The Predators managed to thwart the normally potent San Jose power play yet again on Wednesday, holding the Sharks without a goal on five power-play chances.
But Nashville players and Coach Barry Trotz are starting to scratch over at least some of the calls that are sending the Predators to the box on a regular basis in this series.
Center Jason Arnott was particularly irritated by a somewhat mysterious hooking call on Jordin Tootoo in the second period. It appeared Tootoo had been impeded by Sharks forward Jonathan Cheechoo, but Tootoo wound up going to the penalty box.
Plus: A photogallery of the Shark/Preds series
From John Glennon at The Tennessean,
As the Predators look to square their first-round playoff series against San Jose tonight, they’re looking for the players who excelled in the regular season to do the same in the postseason.
That means more production from players such as Jason Arnott, Paul Kariya and David Legwand, less reliance on J.P. Dumont, Peter Forsberg and Alexander Radulov.
The former trio has combined for zero goals and four assists in the first three games of this series, while the latter has done the heavy lifting — combining for 12 points (nine goals, three assists).
From Victor Chi at the San Jose Mercury News,
Call it collateral damage.
The Sharks’ power play has converted only once in this opening-round playoff series, but it could push Nashville’s gas gauge toward empty if the chances keep piling up. Despite an 0-for-6 performance Monday, the Sharks wore out the Predators with a 41-20 shot advantage built largely on those six power plays.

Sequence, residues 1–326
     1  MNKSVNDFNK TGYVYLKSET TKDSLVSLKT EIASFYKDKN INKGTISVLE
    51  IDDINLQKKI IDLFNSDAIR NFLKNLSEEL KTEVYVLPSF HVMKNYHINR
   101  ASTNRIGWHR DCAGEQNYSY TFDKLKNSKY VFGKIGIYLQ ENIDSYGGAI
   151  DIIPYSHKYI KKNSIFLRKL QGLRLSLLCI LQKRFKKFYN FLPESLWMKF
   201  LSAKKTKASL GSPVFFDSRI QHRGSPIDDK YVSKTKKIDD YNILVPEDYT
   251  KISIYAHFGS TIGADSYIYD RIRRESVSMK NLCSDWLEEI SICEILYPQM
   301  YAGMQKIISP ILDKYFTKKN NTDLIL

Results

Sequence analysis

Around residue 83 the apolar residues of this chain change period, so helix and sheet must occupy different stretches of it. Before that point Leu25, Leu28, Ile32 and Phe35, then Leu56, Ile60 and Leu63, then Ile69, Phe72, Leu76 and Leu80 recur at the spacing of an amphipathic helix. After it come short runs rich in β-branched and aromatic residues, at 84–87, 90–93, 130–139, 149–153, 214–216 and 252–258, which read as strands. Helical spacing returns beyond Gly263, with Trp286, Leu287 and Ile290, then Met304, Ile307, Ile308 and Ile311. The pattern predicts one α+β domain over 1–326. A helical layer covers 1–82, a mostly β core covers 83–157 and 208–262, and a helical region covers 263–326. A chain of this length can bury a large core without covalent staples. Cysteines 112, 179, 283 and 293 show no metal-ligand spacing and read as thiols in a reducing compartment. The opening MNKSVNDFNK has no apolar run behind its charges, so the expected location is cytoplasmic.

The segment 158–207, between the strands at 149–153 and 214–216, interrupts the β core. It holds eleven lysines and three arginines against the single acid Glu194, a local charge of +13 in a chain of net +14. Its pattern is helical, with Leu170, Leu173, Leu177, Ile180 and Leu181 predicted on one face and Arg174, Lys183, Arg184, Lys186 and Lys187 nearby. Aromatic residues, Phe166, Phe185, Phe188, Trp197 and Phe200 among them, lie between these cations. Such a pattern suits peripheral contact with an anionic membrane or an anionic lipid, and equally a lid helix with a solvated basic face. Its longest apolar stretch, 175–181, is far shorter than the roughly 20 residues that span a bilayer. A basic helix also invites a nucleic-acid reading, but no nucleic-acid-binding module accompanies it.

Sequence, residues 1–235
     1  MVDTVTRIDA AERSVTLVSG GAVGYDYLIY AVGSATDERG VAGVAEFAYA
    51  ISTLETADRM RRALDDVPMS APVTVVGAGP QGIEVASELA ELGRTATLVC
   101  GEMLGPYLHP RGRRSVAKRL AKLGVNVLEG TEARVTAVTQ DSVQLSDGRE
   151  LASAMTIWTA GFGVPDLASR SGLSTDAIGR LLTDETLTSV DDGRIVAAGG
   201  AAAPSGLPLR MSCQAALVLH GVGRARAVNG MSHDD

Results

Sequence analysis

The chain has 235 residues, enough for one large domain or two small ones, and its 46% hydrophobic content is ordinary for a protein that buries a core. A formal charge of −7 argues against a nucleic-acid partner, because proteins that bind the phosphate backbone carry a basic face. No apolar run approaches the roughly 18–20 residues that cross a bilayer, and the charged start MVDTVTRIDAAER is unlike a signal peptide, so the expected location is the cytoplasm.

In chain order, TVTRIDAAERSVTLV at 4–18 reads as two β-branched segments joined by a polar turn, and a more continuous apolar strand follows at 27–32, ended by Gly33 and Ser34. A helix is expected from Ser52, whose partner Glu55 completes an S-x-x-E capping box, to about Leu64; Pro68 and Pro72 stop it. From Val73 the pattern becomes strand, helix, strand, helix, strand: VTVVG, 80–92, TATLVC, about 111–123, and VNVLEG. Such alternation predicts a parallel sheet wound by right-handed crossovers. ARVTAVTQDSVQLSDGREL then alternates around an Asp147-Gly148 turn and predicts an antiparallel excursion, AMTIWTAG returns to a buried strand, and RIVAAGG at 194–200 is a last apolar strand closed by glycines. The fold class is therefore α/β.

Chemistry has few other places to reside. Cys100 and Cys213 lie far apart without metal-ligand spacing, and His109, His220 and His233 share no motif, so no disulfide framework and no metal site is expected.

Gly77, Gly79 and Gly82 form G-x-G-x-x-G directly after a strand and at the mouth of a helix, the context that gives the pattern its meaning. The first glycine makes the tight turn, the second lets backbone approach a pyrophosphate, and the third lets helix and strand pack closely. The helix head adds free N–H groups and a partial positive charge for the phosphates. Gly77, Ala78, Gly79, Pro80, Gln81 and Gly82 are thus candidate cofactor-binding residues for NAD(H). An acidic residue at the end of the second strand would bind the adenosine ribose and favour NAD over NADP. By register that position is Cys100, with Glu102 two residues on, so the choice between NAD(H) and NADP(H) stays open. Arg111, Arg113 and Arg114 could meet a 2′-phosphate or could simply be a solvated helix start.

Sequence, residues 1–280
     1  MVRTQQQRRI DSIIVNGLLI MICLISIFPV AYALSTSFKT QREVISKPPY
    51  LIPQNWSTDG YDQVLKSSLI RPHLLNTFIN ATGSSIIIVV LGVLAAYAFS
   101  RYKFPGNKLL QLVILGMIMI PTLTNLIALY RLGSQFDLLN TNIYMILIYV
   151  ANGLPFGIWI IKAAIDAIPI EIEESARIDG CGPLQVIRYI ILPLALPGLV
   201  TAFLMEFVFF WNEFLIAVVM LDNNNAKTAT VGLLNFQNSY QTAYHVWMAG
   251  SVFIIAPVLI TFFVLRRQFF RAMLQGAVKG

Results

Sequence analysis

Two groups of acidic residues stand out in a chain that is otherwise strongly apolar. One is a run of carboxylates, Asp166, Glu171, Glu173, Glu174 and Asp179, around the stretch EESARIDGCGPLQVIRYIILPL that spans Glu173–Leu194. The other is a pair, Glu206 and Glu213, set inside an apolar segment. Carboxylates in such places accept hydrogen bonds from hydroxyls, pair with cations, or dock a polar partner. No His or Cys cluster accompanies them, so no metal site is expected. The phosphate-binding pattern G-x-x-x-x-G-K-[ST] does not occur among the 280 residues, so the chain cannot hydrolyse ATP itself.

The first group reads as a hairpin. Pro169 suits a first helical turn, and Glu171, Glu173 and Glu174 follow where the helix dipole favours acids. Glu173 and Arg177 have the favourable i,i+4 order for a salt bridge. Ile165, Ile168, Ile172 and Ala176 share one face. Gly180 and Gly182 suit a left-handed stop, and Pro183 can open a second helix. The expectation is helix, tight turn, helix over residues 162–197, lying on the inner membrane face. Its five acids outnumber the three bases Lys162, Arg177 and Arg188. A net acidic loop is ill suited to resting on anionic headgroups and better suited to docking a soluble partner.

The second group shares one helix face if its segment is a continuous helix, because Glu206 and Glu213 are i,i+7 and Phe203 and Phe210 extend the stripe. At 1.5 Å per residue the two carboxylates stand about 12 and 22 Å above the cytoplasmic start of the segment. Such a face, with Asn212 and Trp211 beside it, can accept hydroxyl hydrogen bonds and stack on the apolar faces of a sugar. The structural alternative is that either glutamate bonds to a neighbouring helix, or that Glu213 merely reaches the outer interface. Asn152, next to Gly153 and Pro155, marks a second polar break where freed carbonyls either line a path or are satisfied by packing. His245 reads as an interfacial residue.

from the National Post,
“I could very easily give you a printed picture of the whole incident that would clear it up for you,” Wilson growled at the reporter from Nashville.
“I’ve looked at a lot of tape, and I haven’t seen it,” the reporter shot back. “Do you have that picture?”
“Do you work for Nashville, seriously?” “Yes, I do,” the reporter said.
“Well, good for you,” Wilson said. “If you work for Nashville, you shouldn’t be in this room.”
from the Mercury News,
The NHL finally sent the proper message. It suspended Nashville forward Alex Radulov for his Game2 blindside hit on the Sharks’ Steve Bernier. The suspension should dissuade both teams from taking precarious liberties with each other.
Or, as Sharks Coach Ron Wilson said Sunday in more intellectual terms: “Hopefully, it will end the dirty crap going on out there.”
But there’s one more thing: The hockey will be much different this time around, too.
from the Tennessean,
Heading into tonight’s Game 3 of the first-round playoff series against San Jose, Forsberg has not only posted two goals and an assist in two contests, but he also led Nashville in a number of categories. The 33 year-old center has delivered a team-best 10 hits (including a memorable eight in Game 1), snatched a team-best seven takeaways and won a team-best 53.6 percent of his face-offs.
“I’m not saying you don’t play during the regular season or anything like that,’’ Forsberg said. “But I think you have to take your game to a different level come playoffs.
“This time of year, you’re playing for something — the Cup. These games are huge, every single one. Every single little thing can turn a series around.”
About Kukla's Korner Hockey
Paul Kukla founded Kukla’s Korner in 2005 and the site has since become the must-read site on the ‘net for all the latest happenings around the NHL.